Year in reviewThu, 01/11/2018 - 10:13
Uncertainty hovered over the Mexican economy in the latter half of 2017 and through the first half of 2018, mainly due to the renegotiation of NAFTA, trade-related actions from north of the border and the Mexican presidential elections in July that swept a populist into office. Despite the disconcerting conditions, the infrastructure industry continued to attract private investment although the country still faces an infrastructure spending gap estimated at US$544 billion. With budget austerity tying the government’s hands, it started exploring further options for PPPs, which could prove pivotal as President-elect Andrés Manuel López Obrador takes office at the end of 2018. AMLO, as the new president is known, has already stated his desire to work closely with the private sector to see through his ambitious development plans, all of which bodes well for the sector.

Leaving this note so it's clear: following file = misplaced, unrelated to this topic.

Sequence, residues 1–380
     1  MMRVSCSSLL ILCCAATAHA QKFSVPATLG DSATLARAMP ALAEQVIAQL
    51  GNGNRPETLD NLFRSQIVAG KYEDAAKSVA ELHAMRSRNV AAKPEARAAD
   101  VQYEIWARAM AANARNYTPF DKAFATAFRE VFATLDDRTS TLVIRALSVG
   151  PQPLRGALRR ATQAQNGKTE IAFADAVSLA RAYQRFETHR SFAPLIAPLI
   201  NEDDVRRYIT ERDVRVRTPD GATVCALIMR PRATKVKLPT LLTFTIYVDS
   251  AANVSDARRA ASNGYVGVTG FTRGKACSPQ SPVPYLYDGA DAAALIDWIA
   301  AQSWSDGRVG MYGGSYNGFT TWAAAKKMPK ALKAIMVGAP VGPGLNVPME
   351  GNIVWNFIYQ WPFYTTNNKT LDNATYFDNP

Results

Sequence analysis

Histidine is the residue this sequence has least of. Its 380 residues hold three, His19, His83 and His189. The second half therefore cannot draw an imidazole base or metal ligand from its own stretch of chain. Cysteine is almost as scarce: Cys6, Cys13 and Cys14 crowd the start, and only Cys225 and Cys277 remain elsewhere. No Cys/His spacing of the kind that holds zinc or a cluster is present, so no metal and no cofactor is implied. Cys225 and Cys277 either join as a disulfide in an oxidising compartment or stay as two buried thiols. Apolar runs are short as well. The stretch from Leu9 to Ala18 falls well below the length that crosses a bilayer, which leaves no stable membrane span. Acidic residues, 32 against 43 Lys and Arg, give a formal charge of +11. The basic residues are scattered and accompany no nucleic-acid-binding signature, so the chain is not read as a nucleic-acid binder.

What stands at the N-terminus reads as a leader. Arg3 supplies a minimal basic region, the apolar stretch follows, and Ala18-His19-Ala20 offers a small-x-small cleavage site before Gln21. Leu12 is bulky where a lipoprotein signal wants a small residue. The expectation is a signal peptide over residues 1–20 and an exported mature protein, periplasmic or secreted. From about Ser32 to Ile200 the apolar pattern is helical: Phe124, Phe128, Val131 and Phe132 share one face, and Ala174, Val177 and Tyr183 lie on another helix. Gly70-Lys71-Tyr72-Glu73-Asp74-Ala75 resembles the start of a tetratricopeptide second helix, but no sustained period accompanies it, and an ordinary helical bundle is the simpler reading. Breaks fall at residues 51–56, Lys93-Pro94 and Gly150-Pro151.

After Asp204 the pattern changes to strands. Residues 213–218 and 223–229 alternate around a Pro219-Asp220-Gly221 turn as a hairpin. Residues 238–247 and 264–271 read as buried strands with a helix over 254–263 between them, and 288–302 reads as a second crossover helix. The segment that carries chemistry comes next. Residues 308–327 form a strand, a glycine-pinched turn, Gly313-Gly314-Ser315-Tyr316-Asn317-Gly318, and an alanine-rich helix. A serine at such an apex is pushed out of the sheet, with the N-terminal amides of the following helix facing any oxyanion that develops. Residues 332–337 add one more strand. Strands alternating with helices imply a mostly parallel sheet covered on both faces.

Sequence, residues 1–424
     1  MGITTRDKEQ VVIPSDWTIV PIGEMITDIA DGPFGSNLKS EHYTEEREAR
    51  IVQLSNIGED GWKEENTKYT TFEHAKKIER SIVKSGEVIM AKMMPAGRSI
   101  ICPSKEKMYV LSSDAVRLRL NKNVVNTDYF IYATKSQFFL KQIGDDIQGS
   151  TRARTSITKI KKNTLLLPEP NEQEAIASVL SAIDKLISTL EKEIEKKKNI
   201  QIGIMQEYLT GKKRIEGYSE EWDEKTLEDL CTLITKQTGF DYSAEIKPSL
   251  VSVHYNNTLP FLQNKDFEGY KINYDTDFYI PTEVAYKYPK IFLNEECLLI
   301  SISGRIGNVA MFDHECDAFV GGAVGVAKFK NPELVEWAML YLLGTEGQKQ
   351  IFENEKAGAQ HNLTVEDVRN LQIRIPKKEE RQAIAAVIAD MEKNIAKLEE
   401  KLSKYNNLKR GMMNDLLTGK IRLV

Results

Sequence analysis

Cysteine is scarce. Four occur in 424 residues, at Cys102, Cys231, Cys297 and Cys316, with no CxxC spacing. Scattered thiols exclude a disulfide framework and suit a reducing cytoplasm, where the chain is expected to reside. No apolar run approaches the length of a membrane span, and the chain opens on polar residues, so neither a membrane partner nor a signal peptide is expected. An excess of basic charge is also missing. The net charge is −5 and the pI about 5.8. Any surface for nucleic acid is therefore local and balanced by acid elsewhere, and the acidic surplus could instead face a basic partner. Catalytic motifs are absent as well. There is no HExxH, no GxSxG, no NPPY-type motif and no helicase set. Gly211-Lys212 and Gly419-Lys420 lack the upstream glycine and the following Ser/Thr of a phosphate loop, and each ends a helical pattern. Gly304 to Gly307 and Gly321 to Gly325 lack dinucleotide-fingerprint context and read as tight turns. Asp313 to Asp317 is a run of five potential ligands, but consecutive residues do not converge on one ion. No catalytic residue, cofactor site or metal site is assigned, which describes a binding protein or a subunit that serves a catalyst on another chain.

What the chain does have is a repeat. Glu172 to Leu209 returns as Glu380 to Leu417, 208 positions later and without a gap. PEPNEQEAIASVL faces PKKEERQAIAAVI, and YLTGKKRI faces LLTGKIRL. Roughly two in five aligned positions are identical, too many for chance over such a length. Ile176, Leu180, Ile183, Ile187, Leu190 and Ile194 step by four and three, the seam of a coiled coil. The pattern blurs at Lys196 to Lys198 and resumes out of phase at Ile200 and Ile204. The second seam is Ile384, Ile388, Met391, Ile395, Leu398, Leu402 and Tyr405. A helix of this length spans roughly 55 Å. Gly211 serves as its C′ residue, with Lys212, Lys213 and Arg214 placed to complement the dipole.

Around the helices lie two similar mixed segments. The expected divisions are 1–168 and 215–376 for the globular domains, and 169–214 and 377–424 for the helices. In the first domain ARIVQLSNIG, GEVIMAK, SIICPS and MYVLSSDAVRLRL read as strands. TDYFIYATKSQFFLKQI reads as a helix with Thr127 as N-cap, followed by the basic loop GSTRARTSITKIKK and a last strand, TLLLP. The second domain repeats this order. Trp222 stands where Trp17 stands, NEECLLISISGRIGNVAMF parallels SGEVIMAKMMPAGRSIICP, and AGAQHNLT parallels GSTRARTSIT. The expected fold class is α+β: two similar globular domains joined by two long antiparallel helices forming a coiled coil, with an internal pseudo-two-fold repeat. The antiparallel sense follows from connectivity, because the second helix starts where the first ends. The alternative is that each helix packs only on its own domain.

At the city development level, a key word for the industry throughout the past year was verticalization, a trend that became entrenched as the favored building option for cities, with new skyscrapers transforming skylines in major metropolises and secondary cities taking their cue from their bigger counterparts. Transparency was also a buzzword, especially in the wake of the Sept. 19, 2017 earthquake that shook the capital, Puebla and Morelos states, leaving a devastating trail of fallen buildings that resulted in 370 deaths.